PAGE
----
26 February 2006

Coen (1995-1998)

1995 - Fargo - The Bros. tackle 1987. I'm fairly certain this is the only Coen film that my mom has seen. This is probably a comment on how effective the Bros.' untrue "True Story" tag at the beginning of the film was. I distinctly remember my older relatives lamenting "that poor boy" whose father completely screwed up his life. It is an excellent movie, mom-friendly or not. The acting is topnotch, the photography of the winter landscape is beautiful and well-composed, and the story unfolds like a Greek tragedy. Like Miller's Crossing, we're also treated to a fun, exaggerated dialect. However, in this film, or O Brother, or Raising Arizona, I'm never sure whether the Bros. are showing us these exaggerated -- but based in reality -- regional cultures of the US to make fun or out of a real love. Marge Gunderson, who, despite speaking in her amusing hyper-Minnesota accent, is treated with such respect that I lean towards the latter option.

Warning to buyers of this DVD. I have the double-sided disc with the widescreen version on one side and the full screen version on the other. Technically, the disc is a DVD-14, meaning that one of the sides is dual-layered. Don't buy this version. Look for the Special Edition with only the widescreen version on it (which would be a single-sided DVD-9). DVD-14s and DVD-18s tend to have major problems: my disc froze on me near the end of the movie and others have reported similar troubles with discs made this way.

1998 - The Big Lebowski - The Bros. tackle 1991. I've never read a Chandler novel, but I am familiar with the "double-crossing crime" genre (last seen here in Miller's Crossing). I'm not much of a fan of stories of that type, so I particularly enjoy this film flipping the genre around and playing with it humorously. In fact, it's a great framework to play with the crazy characters the Bros. invented or pulled from real life. Plug in the ultra-lazy Dude in the place of an ultra-serious hardboiled dick, provide him some temporary motivation in the form of a crazy Vietnam vet, and see what happens. Refusing to use non-diagetic music, making a period piece a mere seven years in the past, the outer cowboy campfire story layer, nihilism, and dozens of other details add up to make this a uniquely funny film.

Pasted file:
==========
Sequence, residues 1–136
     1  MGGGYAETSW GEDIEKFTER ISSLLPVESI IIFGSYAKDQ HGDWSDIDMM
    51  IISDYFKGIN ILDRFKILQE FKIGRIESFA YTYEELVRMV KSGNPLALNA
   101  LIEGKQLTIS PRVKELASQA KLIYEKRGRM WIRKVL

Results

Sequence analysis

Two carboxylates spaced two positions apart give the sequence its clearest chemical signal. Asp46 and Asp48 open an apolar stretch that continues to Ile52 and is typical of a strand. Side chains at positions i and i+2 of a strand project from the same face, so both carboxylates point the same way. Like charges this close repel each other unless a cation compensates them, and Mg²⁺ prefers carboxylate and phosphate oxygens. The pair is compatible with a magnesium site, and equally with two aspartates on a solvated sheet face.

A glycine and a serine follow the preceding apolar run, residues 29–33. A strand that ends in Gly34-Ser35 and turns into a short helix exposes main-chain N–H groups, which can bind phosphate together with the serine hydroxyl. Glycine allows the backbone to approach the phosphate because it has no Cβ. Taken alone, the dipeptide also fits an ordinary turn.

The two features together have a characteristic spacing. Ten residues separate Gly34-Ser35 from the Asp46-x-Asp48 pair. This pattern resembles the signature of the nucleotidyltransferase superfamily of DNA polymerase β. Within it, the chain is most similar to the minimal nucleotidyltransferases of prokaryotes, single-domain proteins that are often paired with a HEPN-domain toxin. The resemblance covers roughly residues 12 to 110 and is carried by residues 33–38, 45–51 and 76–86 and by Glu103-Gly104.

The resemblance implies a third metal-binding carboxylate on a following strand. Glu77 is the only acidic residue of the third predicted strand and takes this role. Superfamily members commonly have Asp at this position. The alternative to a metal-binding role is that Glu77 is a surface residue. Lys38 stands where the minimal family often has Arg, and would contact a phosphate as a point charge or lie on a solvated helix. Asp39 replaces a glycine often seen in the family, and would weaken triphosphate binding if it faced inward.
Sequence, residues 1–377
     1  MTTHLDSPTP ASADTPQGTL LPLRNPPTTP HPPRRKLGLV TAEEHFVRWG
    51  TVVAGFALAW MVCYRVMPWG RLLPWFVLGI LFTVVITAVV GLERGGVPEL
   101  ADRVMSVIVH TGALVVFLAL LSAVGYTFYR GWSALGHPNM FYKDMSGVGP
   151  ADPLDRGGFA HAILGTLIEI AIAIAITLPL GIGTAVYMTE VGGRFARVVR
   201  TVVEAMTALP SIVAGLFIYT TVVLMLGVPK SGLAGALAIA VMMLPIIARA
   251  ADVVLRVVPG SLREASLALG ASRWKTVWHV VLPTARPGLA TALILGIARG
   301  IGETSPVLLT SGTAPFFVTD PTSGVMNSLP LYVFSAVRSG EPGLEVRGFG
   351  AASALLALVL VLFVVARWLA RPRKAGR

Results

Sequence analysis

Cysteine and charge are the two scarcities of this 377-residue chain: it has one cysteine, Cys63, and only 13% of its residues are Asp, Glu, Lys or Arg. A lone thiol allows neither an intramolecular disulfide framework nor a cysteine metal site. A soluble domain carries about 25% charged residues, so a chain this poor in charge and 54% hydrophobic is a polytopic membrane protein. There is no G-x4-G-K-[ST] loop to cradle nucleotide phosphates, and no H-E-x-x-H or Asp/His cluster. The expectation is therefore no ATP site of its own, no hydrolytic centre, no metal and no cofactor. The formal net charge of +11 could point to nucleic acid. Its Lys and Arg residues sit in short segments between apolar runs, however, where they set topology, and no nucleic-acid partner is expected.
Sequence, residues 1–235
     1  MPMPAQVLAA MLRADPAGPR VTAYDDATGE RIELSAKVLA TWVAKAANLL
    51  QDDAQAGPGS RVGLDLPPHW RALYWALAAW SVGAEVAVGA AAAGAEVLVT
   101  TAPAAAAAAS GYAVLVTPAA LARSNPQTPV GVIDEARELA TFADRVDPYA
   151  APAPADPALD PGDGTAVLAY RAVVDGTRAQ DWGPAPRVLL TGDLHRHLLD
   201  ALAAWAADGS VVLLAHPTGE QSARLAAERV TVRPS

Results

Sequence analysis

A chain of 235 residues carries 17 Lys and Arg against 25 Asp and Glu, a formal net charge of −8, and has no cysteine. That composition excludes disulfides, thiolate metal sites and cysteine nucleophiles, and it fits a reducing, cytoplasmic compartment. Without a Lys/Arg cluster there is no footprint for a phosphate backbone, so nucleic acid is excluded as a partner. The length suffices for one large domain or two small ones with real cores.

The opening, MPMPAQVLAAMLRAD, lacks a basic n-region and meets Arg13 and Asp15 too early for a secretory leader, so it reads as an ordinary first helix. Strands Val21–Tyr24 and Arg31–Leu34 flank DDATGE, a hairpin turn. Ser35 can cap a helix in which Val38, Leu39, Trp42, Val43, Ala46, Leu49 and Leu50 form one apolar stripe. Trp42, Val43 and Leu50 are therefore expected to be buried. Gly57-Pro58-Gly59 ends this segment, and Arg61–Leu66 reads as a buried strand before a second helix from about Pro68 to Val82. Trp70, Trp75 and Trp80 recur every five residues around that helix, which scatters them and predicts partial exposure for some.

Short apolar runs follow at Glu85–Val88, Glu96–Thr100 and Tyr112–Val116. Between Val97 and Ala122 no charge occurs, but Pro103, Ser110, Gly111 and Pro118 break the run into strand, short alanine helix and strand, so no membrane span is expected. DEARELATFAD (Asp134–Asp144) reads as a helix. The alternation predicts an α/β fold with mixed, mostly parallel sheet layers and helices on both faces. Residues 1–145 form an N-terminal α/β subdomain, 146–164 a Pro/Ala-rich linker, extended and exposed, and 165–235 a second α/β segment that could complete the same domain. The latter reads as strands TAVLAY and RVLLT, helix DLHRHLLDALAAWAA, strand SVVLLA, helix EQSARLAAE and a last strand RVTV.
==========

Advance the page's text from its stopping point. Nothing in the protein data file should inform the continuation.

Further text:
While watching this film, my film-watching partner and I each drank two White Russians. Each drink was made using a different recipe found online. If you like 'em strong, 2 oz of vodka, 1 oz of Kahlua and 1 oz of half-and-half poured over rocks will do ya. Personally, I preferred the second recipe: 1.5 oz of vodka, 1.5 oz of Kahlua poured over rocks; half-and-half floated on top to taste.